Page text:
Background and objectives Pompe disease is reportedly less prevalent in Japan than in neighbouring countries, raising a possibility that some patients may be overlooked. Therefore, all muscle biopsy samples received at our institute were screened for Pompe disease to determine the accuracy of the disease prevalence.
Methods The acid α-glucosidase (GAA) activity was assayed using 10 µm frozen muscle sections from 2408 muscle biopsies received between July 2015 and January 2018. Genetic analysis was performed for samples with decreased activity. The number of myopathologically diagnosed patients was retrospectively assessed.
Results The GAA activity was distributed similarly to previous results from dried blood spot screening. GAA activity measured using muscle sections corresponded to that measured using muscle blocks. Of 163 patients with GAA activity <3 nmol/hour/mg protein, 43 (26%) patients had homozygous pseudodeficiency alleles in GAA (p.G576S and p.E689K). In the retrospective analysis, the number of patients diagnosed with Pompe disease via muscle biopsies decreased to zero over time.
Discussion Muscle pathology is an accurate method to diagnose Pompe disease. It is unlikely that a significant number of patients with Pompe disease are overlooked. Pathological variants were rare, and the majority carried a pseudodeficiency allele, which further supports our conclusion.
- METABOLIC DISEASE
- MUSCLE DISEASE
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Contributors YS and IN had full access to all the data in the study and took responsibility for the integrity of the data and the accuracy of the data analysis. Concept and design—YS and IN. Acquisition, analysis or interpretation of data—YS, SH, SN and IN. Drafting of the manuscript—YS, SH, SN and IN. Critical revision of the manuscript for important intellectual content—all authors. Statistical analysis—YS and SN. Obtained funding—IN. Administrative, technical or material support—YS, SH, SN and IN. Supervision—IN.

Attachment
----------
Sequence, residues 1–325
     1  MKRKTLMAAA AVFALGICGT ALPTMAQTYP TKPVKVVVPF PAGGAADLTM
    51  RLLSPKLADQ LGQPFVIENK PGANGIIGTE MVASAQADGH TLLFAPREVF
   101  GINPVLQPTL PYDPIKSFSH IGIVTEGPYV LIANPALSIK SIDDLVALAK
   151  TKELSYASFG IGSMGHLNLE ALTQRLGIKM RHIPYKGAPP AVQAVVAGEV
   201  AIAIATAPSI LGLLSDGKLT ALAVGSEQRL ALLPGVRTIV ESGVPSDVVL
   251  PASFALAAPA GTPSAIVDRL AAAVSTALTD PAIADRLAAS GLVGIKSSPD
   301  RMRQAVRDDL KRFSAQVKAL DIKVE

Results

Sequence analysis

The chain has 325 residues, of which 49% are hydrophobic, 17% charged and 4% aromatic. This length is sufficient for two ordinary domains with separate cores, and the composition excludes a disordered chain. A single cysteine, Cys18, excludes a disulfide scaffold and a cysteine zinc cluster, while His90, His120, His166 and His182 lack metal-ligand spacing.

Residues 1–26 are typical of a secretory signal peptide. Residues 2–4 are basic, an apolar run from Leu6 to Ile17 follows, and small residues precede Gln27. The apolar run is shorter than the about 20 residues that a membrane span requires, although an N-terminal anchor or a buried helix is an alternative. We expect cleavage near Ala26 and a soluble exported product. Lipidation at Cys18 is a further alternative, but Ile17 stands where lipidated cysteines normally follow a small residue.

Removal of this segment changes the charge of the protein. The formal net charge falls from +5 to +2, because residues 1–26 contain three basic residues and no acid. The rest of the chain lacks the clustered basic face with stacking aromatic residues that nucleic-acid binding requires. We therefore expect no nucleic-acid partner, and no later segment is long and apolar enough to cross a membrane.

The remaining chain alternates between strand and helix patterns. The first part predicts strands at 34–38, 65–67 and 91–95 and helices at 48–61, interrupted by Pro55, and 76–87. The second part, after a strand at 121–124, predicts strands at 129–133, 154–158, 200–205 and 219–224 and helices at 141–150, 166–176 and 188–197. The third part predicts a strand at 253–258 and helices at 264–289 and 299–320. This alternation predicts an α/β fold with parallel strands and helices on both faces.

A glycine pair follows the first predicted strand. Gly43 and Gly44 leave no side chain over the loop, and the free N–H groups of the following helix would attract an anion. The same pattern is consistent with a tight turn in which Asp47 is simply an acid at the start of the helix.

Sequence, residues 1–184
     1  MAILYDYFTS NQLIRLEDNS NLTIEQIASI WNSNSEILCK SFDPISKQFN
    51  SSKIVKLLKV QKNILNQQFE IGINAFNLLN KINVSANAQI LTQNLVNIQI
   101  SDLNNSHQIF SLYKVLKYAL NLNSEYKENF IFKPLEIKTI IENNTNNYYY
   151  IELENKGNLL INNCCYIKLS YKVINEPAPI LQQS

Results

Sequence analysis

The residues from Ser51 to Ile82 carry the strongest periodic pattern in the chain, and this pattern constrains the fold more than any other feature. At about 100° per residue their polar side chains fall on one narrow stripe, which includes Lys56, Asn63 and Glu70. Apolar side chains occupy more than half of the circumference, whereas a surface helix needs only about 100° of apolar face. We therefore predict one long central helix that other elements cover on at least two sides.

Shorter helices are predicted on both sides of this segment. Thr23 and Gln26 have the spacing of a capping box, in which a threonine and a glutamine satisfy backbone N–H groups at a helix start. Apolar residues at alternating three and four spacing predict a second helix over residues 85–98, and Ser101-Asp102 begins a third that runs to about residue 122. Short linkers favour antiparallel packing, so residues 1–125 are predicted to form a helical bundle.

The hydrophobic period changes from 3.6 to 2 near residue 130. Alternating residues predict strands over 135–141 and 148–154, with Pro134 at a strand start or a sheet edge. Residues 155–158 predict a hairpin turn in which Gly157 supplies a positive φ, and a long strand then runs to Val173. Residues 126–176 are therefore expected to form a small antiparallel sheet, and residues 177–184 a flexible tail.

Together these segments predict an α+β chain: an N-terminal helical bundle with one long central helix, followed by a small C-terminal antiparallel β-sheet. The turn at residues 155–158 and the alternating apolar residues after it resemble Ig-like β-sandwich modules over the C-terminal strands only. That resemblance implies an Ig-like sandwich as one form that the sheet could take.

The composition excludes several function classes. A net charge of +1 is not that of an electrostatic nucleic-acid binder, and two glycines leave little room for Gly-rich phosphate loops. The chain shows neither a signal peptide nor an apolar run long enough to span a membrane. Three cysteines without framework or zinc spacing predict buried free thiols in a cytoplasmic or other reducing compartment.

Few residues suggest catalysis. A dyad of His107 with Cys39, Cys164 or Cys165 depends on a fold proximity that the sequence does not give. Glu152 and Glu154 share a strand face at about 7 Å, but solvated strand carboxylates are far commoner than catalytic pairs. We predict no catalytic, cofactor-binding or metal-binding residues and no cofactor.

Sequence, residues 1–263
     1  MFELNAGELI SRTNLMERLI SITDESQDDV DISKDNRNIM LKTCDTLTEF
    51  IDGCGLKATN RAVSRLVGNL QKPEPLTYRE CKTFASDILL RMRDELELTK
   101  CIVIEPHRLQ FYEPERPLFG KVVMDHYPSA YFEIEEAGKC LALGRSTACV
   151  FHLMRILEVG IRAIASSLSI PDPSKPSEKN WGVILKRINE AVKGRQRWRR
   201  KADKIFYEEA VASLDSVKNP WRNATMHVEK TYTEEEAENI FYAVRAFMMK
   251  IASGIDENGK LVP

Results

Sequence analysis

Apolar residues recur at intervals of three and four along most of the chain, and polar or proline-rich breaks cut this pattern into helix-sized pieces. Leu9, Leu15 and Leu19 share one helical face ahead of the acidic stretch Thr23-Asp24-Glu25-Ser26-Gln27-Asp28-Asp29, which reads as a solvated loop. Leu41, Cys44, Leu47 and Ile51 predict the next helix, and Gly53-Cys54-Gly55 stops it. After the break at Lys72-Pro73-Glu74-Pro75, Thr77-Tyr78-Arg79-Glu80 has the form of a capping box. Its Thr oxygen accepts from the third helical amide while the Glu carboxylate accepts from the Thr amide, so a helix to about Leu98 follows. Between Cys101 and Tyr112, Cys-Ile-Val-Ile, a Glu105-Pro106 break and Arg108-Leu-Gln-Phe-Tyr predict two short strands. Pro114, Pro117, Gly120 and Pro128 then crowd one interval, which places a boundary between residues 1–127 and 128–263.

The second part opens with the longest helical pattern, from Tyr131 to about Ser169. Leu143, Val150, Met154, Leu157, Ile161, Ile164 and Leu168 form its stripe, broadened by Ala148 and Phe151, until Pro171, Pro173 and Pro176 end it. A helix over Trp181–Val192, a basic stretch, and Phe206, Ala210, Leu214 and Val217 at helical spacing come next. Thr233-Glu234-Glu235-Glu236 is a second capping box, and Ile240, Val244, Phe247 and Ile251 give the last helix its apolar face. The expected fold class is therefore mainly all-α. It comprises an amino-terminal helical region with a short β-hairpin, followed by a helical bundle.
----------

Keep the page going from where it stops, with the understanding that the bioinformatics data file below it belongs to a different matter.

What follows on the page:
Funding This study was funded by the NCNP (Intramural Research Grant: 2-5 and 29-4 for Neurological and Psychiatric Disorders) to IN under grant number JP19ek0109285h0003. This study was supported in part by JSPS KAKENHI (grant numbers JP16K09728, JP 17K09785, JP 18K07082); Intramural Research Grant (29–4, 29–3, 28–6, 30–9) for Neurological and Psychiatric Disorders of NCNP; AMED under grant numbers JP18ek0109285h0002, JP18dk0310072h0003, JP18ek010934h0001, JP18kk0205001s0203, JP18ek0109348s0501; and Health, Labour and Welfare Sciences Research Grants (H28–Nanchito(Nan)–Ippan–030, H29–Nanchito(Nan)–Ippan–030).
Competing interests None declared.
Provenance and peer review Not commissioned; externally peer reviewed.
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